Cathy, you cannot disagree. You can either assent to or dissent from the teaching of the Church, but you can’t invent her position for her.

    “Capitol punishment is not the only possible way in the USA. We do have life imprisonment.”

    Under the present circumstances, yes. The point is very simple: there are some circumstances under which the death penalty is permissible. There are NO circumstances under which abortion is permissible. They are not the same. They cannot be equivocated.

    “Taking away a criminal’s life also takes away his chance to reconcile with God, to repent.”

    This is false. Everyone has a chance to repent. I am fairly certain that few criminals have been executed in Christian countries in the last 2000 years without being given ample opportunity to repent, up until the moment of execution.

    Whatever the shortcomings of earlier societies, they always recognized this fundamental duty.

    “I sympathize with wanting to make a distinction between abortion and the death penalty”

    Your sympathy is not required.

    “but that involves making a judgment on who deserves to live and die”

    It is not about that. The legitimate use of the death penalty is about protecting society, no more, or less. Yes, we do have the capacity to judge what is in the best interests of society. It is not about “punishment.” Those politicians who support the death penalty out of a belief in deterrence, for instance.

    Because of what the Popes have said in recent years, I will assent to the immorality of the death penalty under the present circumstances – though I am not certain that one is obliged to vote against it in the one way is obliged to vote against abortion.

    But I will not equivocate it with abortion, ever. The deliberate destruction of an innocent child will never be on the same moral level as the execution of violent criminals and sociopaths, which may be necessary to safeguard the common good.

    “Neither of these issues is always completely black and white.”

    Abortion is always black and white. If you don’t understand that, then you don’t understand the Church’s teaching on abortion.

    “Therefore, by the authority which Christ conferred upon Peter and his Successors, and in communion with the Bishops of the Catholic Church, I confirm that the direct and voluntary killing of an innocent human being is always gravely immoral.” (Pope John Paull II,Evangelium Vitae, 57)

    The use of the word “innocent” is key; this ex cathedra teaching comes not long after JP II has made clear that his position on capital punishment is that while the necessity for it may be rare, it may still exist – and we cannot forsee how society will change in the future. He does not include it in his ex cathedra teaching. Therefore when you say,

    “. But here in the USA it would be completely possible to eliminate the death penalty and still keep our citizens safe. That is what the Church teaches, now and always.”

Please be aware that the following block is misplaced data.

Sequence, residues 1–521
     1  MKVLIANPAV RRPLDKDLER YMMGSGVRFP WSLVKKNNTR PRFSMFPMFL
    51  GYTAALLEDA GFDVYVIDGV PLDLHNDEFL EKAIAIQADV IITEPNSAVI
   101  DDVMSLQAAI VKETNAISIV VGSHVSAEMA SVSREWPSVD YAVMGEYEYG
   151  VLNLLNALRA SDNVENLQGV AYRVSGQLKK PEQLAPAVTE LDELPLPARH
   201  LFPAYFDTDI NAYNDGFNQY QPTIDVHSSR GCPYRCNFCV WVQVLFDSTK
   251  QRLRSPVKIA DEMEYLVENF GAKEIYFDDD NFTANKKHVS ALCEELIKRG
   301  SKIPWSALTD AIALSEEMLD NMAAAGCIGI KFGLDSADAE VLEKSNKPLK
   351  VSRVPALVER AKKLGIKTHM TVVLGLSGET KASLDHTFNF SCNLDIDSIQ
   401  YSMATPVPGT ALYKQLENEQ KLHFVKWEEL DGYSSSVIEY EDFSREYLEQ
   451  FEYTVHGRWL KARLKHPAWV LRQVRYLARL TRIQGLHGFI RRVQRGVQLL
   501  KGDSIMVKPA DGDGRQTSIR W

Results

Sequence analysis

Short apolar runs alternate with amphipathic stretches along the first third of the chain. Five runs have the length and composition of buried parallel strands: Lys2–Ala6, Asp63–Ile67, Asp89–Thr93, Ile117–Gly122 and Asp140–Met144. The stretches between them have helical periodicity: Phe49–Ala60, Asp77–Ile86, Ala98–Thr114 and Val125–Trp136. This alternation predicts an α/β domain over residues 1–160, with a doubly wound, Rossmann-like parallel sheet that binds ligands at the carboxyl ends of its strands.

You are simply wrong. The Church does not “teach” that conditions in the USA or anywhere else will always rule out the death penalty. It teaches – it suggests, not ex cathedra – that when and where possible, the non-violent means of correction be used.

    It is important to read the encyclical. His lead-in to the ex cathedra teaching on abortion is:

    “If such great care must be taken to respect every life, even that of criminals and unjust aggressors, the commandment “You shall not kill” has absolute value when it refers to the innocent person. And all the more so in the case of weak and defenceless human beings, who find their ultimate defence against the arrogance and caprice of others only in the absolute binding force of God’s commandment.”

    In other words, it does not have “absolute value” when applied to criminals and unjust aggressors. Our obligation is to first look for a way to settle a problem without violence – not to become pacifists.

  • As for the “change in direction”, I’m not talking about a partisan “change”. I mean that states like Ohio and Michigan need a complete paradigm shift. It’s hard to put into words, but as someone who moved to Ohio from Virginia (and Texas before that), I just don’t see the same sort of can-do spirit of innovation that you see in the political leadership (from both parties) in those states.

    In my view, Rep. Stupak doesn’t seem like the sort of person who would change that (and, again, I don’t know that anyone from either party in Michigan represents that sort of change).

  • Cathy,

    Here at The American Catholic I know of at least two writers that are Democrats and pro-life.

    As for being Republican and anti-death penalty, not sure.

    But for me, though I’m not a republican, I do generally vote for republicans on the national level and I am anti-death penalty (though I respect the opposite positions of others and see many good merits for being an advocate for the death penalty due to certain circumstances.)

  • It is probably arguable that to be successful in helping the state turn itself around economically a Michigan governor needs to not be in the pocket of the unions — but I’m not actually sure what Stupak’s union stance is.

    I would certainly strongly consider supporting Stupak, however, if he was running in my state — just in that I think that standing up to his party in the way he has on abortion should be rewarded.

  • Yeah, that’s it, John Henry. I think the Republicans who helped contribute to the national mess we’re in have some magic economic formula